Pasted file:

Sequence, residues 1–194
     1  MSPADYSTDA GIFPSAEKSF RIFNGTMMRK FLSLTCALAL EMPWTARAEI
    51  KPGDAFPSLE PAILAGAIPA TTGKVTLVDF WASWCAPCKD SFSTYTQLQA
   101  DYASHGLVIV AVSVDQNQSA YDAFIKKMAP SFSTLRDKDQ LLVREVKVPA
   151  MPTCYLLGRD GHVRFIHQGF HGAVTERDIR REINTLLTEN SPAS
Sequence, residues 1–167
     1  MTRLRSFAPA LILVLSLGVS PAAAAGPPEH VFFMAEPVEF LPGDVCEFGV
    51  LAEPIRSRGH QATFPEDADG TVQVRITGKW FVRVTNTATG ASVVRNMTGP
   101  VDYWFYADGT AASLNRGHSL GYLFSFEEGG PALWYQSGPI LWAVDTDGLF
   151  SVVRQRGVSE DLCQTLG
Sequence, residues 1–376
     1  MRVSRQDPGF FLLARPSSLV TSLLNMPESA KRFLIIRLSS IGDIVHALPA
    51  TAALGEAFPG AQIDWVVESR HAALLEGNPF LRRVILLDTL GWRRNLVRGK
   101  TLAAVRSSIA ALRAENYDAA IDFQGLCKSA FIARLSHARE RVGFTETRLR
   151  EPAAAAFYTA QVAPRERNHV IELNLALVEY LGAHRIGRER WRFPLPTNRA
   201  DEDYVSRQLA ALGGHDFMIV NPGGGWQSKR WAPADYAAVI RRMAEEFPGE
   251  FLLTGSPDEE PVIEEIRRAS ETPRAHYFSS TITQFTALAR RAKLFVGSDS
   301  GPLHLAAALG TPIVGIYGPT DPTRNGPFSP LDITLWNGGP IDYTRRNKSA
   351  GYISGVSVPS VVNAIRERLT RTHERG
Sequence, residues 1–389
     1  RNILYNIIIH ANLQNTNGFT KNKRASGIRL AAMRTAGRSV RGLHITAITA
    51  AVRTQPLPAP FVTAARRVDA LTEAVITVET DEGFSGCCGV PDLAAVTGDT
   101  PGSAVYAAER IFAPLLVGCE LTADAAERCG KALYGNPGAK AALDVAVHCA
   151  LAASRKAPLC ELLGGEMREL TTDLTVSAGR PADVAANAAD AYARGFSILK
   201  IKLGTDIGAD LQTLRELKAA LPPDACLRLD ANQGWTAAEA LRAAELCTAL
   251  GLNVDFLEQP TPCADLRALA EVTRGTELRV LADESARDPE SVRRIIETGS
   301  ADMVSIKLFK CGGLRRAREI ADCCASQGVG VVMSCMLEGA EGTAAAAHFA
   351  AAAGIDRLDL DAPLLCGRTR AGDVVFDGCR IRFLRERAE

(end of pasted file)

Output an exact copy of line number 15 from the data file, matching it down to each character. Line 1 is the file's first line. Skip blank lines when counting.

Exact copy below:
   151  EPAAAAFYTA QVAPRERNHV IELNLALVEY LGAHRIGRER WRFPLPTNRA